Annie Proulx is one of my favorite writers (Shipping News, short stories that include Brokeback Mountain). She is a master at pulling a reader into rough compelling lives and into gorgeous and inhospitable places.  Barkskins is not a “sweeping family saga” filled with sex, dresses, and dashing heroes. I’ve read Herman Wouk – this is not that.

 What kept me reading is Proulx’s ability to take a reader to a place and time where people are not us. She is a research-maven; she was educated to become a historian. She has been reading histories and first source materials for decades.  She doesn’t invent character and plot so much as she weaves together what she has learned into a long, fascinating, vicious story.

To be able to get to the “character” of people who lived in different centuries and different civilizations – who were trying to figure out and survive the onslaught of western European culture – this is what Annie Proulx does better than anyone else I read.

By the last 100 pages I was frustrated at the plethora of characters she was throwing at us. At the same time, I knew those people; they are the people I’ve met in my life. Some of them seemed one-dimensional to me. I read that last century fast.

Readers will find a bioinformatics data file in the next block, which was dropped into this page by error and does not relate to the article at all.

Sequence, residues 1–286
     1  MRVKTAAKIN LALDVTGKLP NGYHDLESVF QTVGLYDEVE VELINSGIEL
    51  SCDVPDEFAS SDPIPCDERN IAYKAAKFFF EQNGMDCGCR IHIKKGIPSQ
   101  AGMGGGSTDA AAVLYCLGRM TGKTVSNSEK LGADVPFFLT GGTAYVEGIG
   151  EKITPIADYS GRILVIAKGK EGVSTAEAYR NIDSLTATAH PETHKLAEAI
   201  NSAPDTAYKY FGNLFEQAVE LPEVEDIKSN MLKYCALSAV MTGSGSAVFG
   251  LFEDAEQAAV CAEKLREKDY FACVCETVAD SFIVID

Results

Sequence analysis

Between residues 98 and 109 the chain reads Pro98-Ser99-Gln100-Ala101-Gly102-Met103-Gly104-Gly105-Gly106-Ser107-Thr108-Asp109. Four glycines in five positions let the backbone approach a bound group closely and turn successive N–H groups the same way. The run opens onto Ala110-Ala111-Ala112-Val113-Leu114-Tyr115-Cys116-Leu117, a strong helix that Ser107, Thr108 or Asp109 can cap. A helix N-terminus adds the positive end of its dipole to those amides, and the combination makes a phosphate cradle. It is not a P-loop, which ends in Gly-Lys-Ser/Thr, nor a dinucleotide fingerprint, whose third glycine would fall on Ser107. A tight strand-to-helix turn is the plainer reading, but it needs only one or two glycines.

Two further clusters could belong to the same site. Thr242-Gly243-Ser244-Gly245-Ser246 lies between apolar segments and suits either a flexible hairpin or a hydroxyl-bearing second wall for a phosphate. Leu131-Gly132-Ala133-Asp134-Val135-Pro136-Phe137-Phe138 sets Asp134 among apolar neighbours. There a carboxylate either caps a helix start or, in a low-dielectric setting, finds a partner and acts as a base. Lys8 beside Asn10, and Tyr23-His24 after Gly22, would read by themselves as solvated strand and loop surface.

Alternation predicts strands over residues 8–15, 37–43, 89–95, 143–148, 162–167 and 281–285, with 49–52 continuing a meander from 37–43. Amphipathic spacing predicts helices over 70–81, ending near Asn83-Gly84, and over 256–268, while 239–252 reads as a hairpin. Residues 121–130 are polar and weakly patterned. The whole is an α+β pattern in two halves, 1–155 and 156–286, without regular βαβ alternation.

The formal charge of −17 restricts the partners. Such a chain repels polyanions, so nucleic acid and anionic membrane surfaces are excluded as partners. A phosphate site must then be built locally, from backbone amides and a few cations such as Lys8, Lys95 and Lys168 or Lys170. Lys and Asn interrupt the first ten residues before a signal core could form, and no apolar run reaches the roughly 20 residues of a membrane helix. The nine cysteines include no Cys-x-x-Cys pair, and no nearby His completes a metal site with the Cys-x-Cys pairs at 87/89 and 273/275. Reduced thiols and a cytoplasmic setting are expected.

But the first several hundred pages will stay in me for a long time. I went some place. I met the people who invented the culture I live in now. I saw the grueling work and witnessed shocking losses and deaths (Proulx knocks off characters in ‘authentic to the time’ ways that will astound you. Not sure I will ever get over the teenager killed as a giant tree catapults up out of a log jam and then missiles down onto the boy’s back. There are more details. I won’t terrify you with them…)

Her rich and cosseted characters seemed almost as much victims as those who truly suffered.  I kept waiting for someone, anyone, to step back far enough to see that it was worldview versus world; it was survival versus the forest. It was greed versus ignorance.

I guess it still is.

Maybe you can’t fathom giving weeks of your life to Barkskins. If you are a little interested, let me suggest this. Give yourself an hour at a bookstore or library. Find the book, find a comfy chair, and sink in and start reading. Go to the primeval wilderness. It was not any more innocent then than it is now. You will meet amazing people right away.  Mari the wise, multi-lingual, acerbic Mi’kmaq woman is awesome.

It is an amazing unraveling epic of forest and fools. We’re the fools.

_____